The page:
Iran Looks for IAEA Clean Bill

VIENNA, Austria -- Tehran expects the UN Security Council to close the file on its nuclear activities once it has answered all questions about its past atomic programs, a senior Iranian envoy said Thursday, in an indirect challenge to the United States.

Ali Asghar Soltanieh, Iran's chief delegate to the International Atomic Energy Agency, also urged Washington to "come out of ... isolation" and recognize that Tehran is cooperating fully with an IAEA probe into its past.

"The policy of the carrot and the stick ... [has] always been counterproductive," he said of a U.S.-led push for new UN sanctions over his country's refusal to give up uranium enrichment.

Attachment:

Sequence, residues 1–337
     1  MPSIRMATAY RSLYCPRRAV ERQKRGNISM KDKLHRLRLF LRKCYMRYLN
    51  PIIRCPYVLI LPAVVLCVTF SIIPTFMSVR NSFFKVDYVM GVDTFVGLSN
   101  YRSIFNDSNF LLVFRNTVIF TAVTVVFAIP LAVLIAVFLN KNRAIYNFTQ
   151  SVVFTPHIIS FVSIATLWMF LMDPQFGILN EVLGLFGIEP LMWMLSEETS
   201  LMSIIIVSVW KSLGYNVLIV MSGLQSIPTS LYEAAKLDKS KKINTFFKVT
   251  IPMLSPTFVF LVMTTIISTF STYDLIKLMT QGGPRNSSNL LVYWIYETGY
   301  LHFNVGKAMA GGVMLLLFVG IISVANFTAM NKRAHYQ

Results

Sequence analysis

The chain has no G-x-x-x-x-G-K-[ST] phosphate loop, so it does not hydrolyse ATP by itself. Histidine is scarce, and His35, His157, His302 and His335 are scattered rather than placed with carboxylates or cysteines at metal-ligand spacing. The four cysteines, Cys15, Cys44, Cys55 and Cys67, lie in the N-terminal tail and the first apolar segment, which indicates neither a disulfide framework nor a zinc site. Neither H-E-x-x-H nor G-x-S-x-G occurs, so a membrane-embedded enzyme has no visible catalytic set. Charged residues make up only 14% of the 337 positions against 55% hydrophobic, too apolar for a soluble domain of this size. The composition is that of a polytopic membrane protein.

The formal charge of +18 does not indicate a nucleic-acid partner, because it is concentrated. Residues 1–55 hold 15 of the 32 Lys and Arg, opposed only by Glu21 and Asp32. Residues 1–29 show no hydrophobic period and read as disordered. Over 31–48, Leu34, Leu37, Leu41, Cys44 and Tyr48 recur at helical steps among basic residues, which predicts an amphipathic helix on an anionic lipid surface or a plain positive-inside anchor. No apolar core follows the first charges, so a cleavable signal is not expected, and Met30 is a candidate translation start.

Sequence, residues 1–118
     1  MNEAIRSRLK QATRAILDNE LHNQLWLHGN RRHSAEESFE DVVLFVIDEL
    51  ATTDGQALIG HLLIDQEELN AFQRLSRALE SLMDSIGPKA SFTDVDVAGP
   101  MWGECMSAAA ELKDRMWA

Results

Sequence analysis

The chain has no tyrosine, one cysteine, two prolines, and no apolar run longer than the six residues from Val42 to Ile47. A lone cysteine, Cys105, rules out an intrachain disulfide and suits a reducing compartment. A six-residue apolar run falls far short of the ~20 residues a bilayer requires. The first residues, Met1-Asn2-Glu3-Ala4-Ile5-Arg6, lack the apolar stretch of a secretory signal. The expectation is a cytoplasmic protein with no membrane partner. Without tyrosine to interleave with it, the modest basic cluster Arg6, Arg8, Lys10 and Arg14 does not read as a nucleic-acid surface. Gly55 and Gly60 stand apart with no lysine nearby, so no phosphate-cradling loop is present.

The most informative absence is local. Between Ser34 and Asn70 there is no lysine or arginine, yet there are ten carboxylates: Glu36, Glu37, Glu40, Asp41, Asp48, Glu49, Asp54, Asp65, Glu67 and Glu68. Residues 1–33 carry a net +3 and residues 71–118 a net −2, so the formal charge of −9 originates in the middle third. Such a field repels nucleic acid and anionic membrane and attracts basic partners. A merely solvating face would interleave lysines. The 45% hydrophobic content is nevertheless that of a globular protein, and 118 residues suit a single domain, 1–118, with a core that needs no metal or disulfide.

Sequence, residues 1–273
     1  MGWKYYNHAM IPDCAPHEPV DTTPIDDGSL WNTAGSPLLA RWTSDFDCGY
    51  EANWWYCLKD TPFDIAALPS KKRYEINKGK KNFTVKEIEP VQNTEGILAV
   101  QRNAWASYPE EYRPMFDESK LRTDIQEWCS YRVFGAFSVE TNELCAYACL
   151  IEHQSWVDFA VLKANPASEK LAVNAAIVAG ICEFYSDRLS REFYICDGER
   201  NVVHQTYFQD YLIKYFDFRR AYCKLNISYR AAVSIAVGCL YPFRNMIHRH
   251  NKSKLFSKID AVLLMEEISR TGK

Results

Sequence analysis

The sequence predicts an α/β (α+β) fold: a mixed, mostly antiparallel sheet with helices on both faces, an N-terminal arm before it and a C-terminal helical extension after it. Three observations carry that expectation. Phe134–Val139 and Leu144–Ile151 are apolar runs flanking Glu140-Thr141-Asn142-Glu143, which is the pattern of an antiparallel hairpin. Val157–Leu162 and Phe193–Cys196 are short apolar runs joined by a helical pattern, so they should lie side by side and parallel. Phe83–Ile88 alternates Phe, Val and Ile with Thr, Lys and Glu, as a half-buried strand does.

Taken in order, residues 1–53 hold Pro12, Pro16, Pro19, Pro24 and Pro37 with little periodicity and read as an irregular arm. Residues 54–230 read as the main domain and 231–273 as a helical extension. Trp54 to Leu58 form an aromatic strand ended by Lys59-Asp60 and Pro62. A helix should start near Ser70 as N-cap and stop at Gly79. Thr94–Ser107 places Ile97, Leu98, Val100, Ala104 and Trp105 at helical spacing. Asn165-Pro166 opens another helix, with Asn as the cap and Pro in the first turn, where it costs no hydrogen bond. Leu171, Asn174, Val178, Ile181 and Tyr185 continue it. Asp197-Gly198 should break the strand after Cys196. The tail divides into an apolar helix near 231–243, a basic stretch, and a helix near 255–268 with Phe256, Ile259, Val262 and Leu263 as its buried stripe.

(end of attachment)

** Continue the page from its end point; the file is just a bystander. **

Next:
The Council's three permanent Western members, the United States, France and Britain, back such a push. Russia and China are opposed, leaving the likelihood of new sanctions unclear.

"There is no legal and technological justification" for continued Security Council involvement once the IAEA declares an end to its current probe, Soltanieh said outside a Vienna meeting of the IAEA's 35-nation board. "There's no justification for sanctions."

Inside the meeting, IAEA chief Mohamed ElBaradei told delegates that his agency knows less now about Iran's atomic activities than it did a year ago.

ElBaradei also said his agency still did not know about military applications of what Iran says is a civilian program. However, he praised Iran for providing answers about its nuclear past.